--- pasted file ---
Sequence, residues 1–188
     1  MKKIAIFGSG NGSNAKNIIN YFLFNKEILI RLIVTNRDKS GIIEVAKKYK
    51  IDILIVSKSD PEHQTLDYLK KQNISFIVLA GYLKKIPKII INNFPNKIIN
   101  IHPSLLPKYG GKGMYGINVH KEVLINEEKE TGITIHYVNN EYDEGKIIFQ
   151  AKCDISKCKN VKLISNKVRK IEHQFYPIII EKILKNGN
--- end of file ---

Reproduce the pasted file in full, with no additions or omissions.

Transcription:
Sequence, residues 1–188
     1  MKKIAIFGSG NGSNAKNIIN YFLFNKEILI RLIVTNRDKS GIIEVAKKYK
    51  IDILIVSKSD PEHQTLDYLK KQNISFIVLA GYLKKIPKII INNFPNKIIN
   101  IHPSLLPKYG GKGMYGINVH KEVLINEEKE TGITIHYVNN EYDEGKIIFQ
   151  AKCDISKCKN VKLISNKVRK IEHQFYPIII EKILKNGN